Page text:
The Glass Frog


The glass frog’s transparent bellies and light-green skin blend in against leaves in the underbrush. A close relative to the glass frog is the red-eyed tree frog, which derives its name from a distinctive red-eye and neon skin color. They are nearly the same size, with similar physical structure, yet natural selection caused visual changes from their common ancestors. While glass frogs adapted by perfecting camouflage against leaves, these tree frogs have developed skin colors so bright they confuse predators, giving the frogs time to escape. 

Both of these families may have the European common brown frog as a common ancestor, unremarkable with its medium size and yellow-brown coloration. While this frog usually camouflaged well within marshes or in mud, it would not be able to survive in the Amazons. After all, this new environment was heavily dependent on visual vibrance for survival. Through many generations, frog offspring with visual advantages had a better chance of surviving and passing their genes onto the next generation. These advantages would become more common as it became the norm, and the previous traits would become fossil (outdated) genes. For the European brown frog, genes responsible for brown pigment and large size may have become fossil genes with enough generations.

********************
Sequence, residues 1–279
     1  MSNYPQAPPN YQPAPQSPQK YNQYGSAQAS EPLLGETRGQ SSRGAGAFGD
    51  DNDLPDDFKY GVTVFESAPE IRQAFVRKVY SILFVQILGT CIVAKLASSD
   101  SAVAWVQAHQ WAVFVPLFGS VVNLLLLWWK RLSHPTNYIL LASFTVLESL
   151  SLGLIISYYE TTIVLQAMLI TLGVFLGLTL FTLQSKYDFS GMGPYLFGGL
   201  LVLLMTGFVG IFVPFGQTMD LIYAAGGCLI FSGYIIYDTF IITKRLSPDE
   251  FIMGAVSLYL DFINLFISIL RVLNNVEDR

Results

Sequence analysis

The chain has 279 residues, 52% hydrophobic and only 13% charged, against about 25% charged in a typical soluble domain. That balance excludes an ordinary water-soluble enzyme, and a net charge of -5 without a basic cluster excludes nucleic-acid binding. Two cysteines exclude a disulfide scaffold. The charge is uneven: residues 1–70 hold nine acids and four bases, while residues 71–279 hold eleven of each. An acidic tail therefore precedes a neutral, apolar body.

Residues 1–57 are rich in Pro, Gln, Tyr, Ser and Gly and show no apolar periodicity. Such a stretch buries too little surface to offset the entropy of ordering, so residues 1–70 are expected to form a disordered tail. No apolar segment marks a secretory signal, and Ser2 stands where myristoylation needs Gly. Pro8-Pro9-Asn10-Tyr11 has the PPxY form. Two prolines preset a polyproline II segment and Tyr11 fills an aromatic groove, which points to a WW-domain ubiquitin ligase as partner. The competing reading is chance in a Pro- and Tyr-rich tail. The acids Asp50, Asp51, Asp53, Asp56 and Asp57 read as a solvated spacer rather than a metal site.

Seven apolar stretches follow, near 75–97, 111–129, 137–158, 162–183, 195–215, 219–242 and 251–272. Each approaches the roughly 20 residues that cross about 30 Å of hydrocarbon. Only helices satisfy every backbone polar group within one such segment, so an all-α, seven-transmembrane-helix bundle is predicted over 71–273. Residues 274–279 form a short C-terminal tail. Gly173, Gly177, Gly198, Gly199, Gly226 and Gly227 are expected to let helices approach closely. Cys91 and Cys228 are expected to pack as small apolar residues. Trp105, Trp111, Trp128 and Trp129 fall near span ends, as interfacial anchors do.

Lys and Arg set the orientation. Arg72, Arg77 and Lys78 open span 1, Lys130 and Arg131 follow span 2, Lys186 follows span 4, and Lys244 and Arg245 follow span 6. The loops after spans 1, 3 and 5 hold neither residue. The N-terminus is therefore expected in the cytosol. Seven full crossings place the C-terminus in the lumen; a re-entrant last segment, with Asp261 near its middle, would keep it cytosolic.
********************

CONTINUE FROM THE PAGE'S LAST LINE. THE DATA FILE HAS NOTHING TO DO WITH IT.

There is evidence that selective pressure caused red-eye tree frogs to copy poison dart frogs, as the vibrant color may have persuaded predators that they were very poisonous. Through a process known as descent with modification, mutations or behavior that resulted in colorful skin survived and built up until each member of the species had colorful skin.

 As for the glass frog, a trait that almost guaranteed survival was versatile camouflage, and it may have also gotten greener and more transparent through each passing generation due to higher survivability. All in all, While glass frogs and red-eye tree frogs are not the same species (after all, they are found in different locations and do not have the ability to interbreed), it is possible that they may have descended from organisms such as the European common brown frog.

Interesting Video

The underbelly of the glass frog is so transparent that viewers can observe its heartbeat:

0:15 – 0:27